ELKHART — The shutdown of Indiana schools to prevent the spread of the coronavirus is forcing many local parents to enter a new role as homeschool teachers.
While many parents acknowledge the need for stringent measures, they also worry whether e-learning will prepare their children for the next grade level as opposed to a traditional classroom setting.
Since schools have closed, Robert Castro said he and his former partner have taken turns assisting their 6-year-old daughter, Lilith, a kindergartner at Beardsley Elementary School, with e-learning assignments.
“I took off two weeks at work (when schools first closed), ending Friday, using up all my vacation,” he said. “Her mom is working from home at her job, but I like to help and be a source of strength during these times so it’s definitely been a change.”
To create a semblance of normalcy, Castro said at home he tries to keep his daughter on the same school schedule she had when school was in session
“She goes to bed before 10 p.m. and wakes up pretty much whenever between 8 and 9 a.m.,” Castro said. “Her e-learning days are Mondays, Wednesdays and Fridays, so when she gets up, we eat, brush teeth and all that normal jazz, then get to work doing her assignments before we can do anything fun.”
Although he said he believed closing schools was the right move, he is unsure whether e-learning alone will prepare his child for first grade.
“But at the same time, I’m surprised with all the stuff that is being taught in kindergarten,” he said. “We didn’t learn to write sentences and stuff when I was a kid. But I think with active parenting participation, just like all things, she will be OK and learning.”
Another parent, Terra Ternet, said she and her husband, Jacob, both work during the day, so trying to fit in homeschooling in the evening has created havoc.
The two have three children — Amara, a seventh-grader at North Side Middle School, Rowan, a fifth-grader at Eastwood Elementary School, and Marlow, a preschooler at Hillcrest Community Childcare.
So far, Ternet said, her kids have been adjusting to e-learning well and have been keeping up with much of their assignments on their own. She said her children typically wake up at 9 a.m., get dressed and start on their classwork early so if they have questions, they can ask their teachers.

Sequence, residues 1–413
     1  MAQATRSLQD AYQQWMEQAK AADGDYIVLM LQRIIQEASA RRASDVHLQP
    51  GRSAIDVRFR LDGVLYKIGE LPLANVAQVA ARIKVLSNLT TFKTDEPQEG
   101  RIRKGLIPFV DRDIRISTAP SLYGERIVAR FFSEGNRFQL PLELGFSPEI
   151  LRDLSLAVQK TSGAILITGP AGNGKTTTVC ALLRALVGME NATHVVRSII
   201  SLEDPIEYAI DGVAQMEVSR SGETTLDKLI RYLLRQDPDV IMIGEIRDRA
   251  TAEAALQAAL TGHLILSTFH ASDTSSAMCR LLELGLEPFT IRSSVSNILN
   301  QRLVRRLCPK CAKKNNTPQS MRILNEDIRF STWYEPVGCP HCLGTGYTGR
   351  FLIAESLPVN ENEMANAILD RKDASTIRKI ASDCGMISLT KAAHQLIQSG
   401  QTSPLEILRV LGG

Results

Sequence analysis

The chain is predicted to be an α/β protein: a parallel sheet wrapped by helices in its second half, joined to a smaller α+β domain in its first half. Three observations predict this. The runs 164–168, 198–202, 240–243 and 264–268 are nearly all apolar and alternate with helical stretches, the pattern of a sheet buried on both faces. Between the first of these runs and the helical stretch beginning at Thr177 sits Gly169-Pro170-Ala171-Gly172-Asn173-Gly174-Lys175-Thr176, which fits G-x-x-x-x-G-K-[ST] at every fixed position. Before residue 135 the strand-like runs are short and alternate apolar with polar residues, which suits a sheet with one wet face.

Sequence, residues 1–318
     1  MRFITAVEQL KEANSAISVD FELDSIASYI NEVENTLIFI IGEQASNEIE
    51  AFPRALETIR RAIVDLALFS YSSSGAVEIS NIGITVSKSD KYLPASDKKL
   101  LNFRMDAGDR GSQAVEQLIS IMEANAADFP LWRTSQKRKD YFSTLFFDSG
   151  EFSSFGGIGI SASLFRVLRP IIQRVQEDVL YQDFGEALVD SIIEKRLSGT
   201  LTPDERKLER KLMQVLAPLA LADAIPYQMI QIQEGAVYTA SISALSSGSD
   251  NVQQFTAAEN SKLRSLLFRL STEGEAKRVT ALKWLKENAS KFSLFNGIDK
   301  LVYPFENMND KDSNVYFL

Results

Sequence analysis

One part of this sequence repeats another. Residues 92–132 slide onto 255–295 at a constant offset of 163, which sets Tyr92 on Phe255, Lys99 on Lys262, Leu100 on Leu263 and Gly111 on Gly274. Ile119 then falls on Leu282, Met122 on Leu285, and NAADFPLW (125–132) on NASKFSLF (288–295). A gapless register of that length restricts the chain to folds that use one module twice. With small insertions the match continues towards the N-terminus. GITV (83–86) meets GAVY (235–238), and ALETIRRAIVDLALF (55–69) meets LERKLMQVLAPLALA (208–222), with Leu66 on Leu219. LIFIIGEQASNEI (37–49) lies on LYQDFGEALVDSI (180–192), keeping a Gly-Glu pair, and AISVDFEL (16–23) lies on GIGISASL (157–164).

“My husband and I have to help with some questions here and there, but they’re pretty motivated themselves, so that’s been good so far,” she said. “And their teachers have all been wonderful about getting back with them if they have any questions, which has been very helpful.”
However, adapting to a new social structure of staying at home while social distancing is becoming a challenge for the girls, Ternet said.
“They enjoy having their free time, but they’re starting to get bored and wanting to see their friends,” she said.
“Things run rampant in schools,” she said. “One case of (the coronavirus) and it probably would have been everywhere. Schools are breeding grounds for things like this.”
Despite the abrupt change in the school year, Ternet said she believes her children will be prepared next year but expressed uncertainty for students in less fortunate circumstances.
“I’m concerned for those children being raised in households where more emphasis isn’t going to be placed on education,” she said. “This could be because the parents just don’t value education or, and I think this is more often the case, because the parent is raising the child alone and/or is not financially and/or emotionally stable enough to put more focus on education. And this isn’t even taking into account the intellectual level of the parent themselves. It’s such a tough situation, and I really hope our community is able to pull together to support those families.”
For Kayla Johnson, homeschooling her son, Grady Johnson, a third-grader at Concord Ox Bow Elementary School, hasn’t been a big challenge, she said.
“I substitute teach at Ox Bow minimally, but other than that, I was already working out of home anyway, so it was pretty easy for me I guess when he had to be schooled from home,” she said.
“But it was different in that I need structure, so we did make a home schedule that both he and I can follow to make sure that we’re managing our time well.”
Overall, she said, Grady also is adjusting well to e-learning, adding that his teacher has been a great asset in helping to make the transition smooth during this unsettling time.
“The teachers are always there and available,” she said. “I have him working on schoolwork during teacher office hours. That way if he has a question, the teacher is there and available and ready to help.”
As for next year, she said she believes Grady will be prepared for fourth grade, but “I know that nothing replaces learning in the classroom.”
Adam Struble also said he hasn’t had to make too many adjustments with homeschooling his three children – Xoei, a seventh-grader at Pierre Moran Middle School, Trenity, a sixth-grader at Bristol Elementary School, and Blaytin, a kindergartner at Bristol Elementary.
“The main adjustment has just been having to sit down and help them with their work,” he said. “I’ve had to spend the most time with my youngest because he has a hard time understanding multiple pages of work.”
He said a normal routine consists of waking his children up around 9 a.m. and beginning e-learning shortly after breakfast until their work is completed.
Although he said he believes closing school was the right decision, he said he isn’t sure if e-learning will be enough to prepare his kids for the next grade level.
“I’m not sure this e-learning will be enough and I worry my kids are going to be behind when school picks back up,” he said.